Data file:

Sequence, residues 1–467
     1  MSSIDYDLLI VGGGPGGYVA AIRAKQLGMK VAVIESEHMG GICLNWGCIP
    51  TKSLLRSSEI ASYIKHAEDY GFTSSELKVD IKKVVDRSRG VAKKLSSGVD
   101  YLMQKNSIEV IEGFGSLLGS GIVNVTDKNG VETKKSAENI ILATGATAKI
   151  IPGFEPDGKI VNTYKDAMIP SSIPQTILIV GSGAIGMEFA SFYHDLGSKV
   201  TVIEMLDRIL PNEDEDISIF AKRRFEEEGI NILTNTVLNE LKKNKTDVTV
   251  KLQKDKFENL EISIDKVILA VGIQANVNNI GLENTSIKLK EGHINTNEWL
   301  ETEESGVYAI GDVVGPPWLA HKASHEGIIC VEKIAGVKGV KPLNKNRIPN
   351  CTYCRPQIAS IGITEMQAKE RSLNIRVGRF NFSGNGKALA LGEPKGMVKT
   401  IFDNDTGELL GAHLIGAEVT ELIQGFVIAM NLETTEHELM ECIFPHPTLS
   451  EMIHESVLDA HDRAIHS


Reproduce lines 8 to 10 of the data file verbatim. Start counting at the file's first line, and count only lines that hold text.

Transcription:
   301  ETEESGVYAI GDVVGPPWLA HKASHEGIIC VEKIAGVKGV KPLNKNRIPN
   351  CTYCRPQIAS IGITEMQAKE RSLNIRVGRF NFSGNGKALA LGEPKGMVKT
   401  IFDNDTGELL GAHLIGAEVT ELIQGFVIAM NLETTEHELM ECIFPHPTLS